Santa Ana Trustees Condemn Prop. 187 : Immigration: The school board contends the ballot measure is mean-spirited and racist. A dissenter says it's a well-reasoned initiative.


Complaining that it is an unconstitutional measure that would turn school "employees into inquisitors and adversaries of the students," the governing board of the county's largest school district has adopted a resolution condemning Proposition 187, the November ballot initiative that would bar illegal immigrant children from public schools.

After an emotional debate Tuesday evening, the Santa Ana Unified School District Board of Education narrowly approved the resolution on a 3-2 vote, with Trustees Sal Mendoza, Audrey Yamagata-Noji and Robert W. Balen supporting it, and Rosemarie Avila and Tom Chaffee in opposition.

Proposition 187 would make illegal immigrant children ineligible for enrollment in public schools, and require school officials to report any students they suspect of being in the country illegally to the Immigration and Naturalization Service. The measure would also bar non-emergency medical aid and social services to all illegal immigrants.

The school board majority blasted the measure as immoral, mean-spirited, and racist. They said the legions of children turned out of schools by the measure would become a permanent, uneducated underclass susceptible to involvement in gangs, drugs and other criminal behavior.

But Chaffee and Avila argued that immigrants must go through proper legal channels before being afforded the rights and privileges the United States offers legal residents, and that the country simply cannot accommodate the current levels of illegal immigration.

The resolution states that the "children of our community should not be used as pawns in debates regarding immigration policy. . . . The proposal would impermissibly invade the privacy interests of this district, and turn our employees into inquisitors and adversaries of the students they are employed to serve."

The resolution also noted that the initiative is in conflict with a 1982 ruling of the U.S. Supreme Court, which held that illegal immigrant children have the same right of access as U.S. citizens to elementary and secondary public education.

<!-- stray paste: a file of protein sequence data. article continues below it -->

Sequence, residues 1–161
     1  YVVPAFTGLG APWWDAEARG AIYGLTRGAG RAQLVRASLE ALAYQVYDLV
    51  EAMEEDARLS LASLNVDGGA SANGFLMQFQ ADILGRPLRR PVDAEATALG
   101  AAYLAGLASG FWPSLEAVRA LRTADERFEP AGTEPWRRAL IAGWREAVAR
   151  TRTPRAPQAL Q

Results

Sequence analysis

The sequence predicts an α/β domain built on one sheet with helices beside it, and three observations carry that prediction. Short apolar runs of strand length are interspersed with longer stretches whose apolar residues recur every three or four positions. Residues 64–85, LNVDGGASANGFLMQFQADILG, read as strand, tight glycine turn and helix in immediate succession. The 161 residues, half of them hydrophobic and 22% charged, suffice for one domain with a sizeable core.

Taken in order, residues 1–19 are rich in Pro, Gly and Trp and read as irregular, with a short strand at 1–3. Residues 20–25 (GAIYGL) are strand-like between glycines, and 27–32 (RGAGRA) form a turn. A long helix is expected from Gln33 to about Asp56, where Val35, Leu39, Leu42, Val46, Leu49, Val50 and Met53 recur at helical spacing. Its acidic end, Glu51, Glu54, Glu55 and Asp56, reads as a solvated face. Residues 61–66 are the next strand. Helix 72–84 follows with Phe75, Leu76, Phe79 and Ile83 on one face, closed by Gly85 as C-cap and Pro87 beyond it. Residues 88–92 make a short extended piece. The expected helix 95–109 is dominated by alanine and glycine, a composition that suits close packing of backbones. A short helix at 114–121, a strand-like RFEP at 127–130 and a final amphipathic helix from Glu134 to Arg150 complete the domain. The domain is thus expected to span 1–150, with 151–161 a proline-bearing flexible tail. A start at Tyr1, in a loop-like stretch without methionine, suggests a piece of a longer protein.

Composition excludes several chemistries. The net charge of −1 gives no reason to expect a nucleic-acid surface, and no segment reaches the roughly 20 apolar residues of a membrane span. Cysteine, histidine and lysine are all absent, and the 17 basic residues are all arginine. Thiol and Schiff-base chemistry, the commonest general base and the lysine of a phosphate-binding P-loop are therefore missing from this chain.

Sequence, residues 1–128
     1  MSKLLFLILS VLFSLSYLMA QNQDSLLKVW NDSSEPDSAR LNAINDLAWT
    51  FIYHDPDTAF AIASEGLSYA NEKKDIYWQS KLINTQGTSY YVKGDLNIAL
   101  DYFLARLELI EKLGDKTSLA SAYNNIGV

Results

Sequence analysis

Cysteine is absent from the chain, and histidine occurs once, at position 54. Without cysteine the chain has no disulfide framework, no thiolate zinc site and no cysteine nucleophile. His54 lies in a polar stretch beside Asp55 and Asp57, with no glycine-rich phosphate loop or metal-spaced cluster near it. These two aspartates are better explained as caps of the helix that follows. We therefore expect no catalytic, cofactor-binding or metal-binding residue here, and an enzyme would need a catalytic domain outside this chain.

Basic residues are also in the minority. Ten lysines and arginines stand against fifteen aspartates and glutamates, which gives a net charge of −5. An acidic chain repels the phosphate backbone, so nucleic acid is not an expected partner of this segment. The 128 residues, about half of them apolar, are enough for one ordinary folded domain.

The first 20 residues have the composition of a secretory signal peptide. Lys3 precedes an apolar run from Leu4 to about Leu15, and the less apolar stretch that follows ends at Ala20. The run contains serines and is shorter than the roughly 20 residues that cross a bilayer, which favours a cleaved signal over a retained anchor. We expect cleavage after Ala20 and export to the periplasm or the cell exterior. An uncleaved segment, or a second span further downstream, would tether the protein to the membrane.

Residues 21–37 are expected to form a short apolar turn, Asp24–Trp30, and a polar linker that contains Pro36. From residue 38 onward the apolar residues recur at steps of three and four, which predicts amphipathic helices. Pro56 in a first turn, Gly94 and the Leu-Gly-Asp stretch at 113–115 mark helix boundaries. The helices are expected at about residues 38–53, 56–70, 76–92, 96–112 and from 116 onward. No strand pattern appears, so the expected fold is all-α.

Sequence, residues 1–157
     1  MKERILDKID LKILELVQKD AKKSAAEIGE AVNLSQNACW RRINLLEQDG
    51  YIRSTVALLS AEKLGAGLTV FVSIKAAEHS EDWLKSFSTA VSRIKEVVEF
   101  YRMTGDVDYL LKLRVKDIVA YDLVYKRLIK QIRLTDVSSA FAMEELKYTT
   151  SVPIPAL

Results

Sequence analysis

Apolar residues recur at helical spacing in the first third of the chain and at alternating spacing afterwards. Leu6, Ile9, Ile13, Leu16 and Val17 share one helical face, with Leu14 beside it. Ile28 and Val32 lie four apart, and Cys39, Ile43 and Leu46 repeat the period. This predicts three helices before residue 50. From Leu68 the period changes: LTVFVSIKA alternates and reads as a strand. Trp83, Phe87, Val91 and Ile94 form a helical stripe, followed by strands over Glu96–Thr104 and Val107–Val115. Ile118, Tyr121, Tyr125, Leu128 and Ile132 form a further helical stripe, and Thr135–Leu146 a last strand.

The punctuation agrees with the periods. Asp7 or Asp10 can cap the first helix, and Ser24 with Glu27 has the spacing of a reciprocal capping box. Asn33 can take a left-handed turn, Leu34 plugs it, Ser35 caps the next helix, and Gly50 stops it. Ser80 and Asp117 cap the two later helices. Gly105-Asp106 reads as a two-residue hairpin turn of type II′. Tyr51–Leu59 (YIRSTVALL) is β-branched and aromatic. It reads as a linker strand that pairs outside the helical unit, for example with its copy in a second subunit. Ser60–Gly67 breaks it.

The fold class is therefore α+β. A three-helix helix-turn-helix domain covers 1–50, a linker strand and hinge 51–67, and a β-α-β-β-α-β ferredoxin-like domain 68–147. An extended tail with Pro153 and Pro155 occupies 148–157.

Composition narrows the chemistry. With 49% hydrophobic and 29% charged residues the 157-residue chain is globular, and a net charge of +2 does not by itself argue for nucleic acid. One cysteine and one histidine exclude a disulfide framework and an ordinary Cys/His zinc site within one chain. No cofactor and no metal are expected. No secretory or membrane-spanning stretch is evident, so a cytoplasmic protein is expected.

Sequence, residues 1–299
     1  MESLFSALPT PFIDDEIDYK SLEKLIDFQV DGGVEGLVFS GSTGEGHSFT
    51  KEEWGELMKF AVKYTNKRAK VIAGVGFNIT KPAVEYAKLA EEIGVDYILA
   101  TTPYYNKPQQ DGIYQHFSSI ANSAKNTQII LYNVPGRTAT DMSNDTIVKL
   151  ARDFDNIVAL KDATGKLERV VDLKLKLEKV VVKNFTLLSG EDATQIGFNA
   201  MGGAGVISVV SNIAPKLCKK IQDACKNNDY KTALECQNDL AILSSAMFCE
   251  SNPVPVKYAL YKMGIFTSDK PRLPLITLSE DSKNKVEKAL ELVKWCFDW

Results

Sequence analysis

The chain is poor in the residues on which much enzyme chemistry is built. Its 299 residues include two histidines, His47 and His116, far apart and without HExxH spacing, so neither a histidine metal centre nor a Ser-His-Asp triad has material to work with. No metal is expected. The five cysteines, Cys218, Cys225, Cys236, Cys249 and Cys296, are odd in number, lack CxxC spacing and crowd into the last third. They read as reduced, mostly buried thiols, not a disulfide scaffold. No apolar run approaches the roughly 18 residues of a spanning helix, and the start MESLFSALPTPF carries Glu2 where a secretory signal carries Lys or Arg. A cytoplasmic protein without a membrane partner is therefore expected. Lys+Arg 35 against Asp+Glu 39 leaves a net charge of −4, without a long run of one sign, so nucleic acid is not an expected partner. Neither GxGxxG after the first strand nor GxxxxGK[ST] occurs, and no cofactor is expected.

Yamagata-Noji said the initiative invites racist enforcement.

"Would we be looking at blond, blue-eyed children who might have come here illegally from Canada? Or are we going to look at little Juanito or Juanita? Would we be suspicious of people because of what they look like, or what kind of accent they have, or what their parents look like?" she asked.

Balen called the proposition "evil, mean-spirited and very unjust to children."

"There is a tendency in economic downturns to look for scapegoats, and I think that's what's happened here," she said. "It's the same thing that happened in Germany in the late 1920s and early 1930s. We're asking our teachers to become brownshirts and turn in children and their parents."

He said that if the initiative happened to become law, he would refuse on principle to cooperate with anyone who attempted to question his own family members about their immigration status.

Avila spoke up in favor of the proposition, describing it as a "well-reasoned, moral and viable" way to deal with the problem of illegal immigration.

She compared the United States to a lifeboat that can accommodate only 10 people at one time. Although compassion demands that people try to save others, "if you put 40 people on a lifeboat (designed for 10), it will sink and no one will be saved," she said.

Chaffee defended the ballot initiative and criticized the school board resolution, saying "it is wrong for this board to tell people how to vote."

But Yamagata-Noji and Mendoza noted that their ancestors, despite being legal residents, had either been thrown into detention camps built for Japanese immigrants during World War II or deported to Mexico earlier this century because of widespread anti-immigrant hysteria.

The two trustees said they opposed Proposition 187 because it provokes racist feelings similar to those that swept the country in earlier times, and does nothing to address the real issues of illegal immigration.

Mendoza agreed that "there's got to be reform, but it's being done in the wrong manner."

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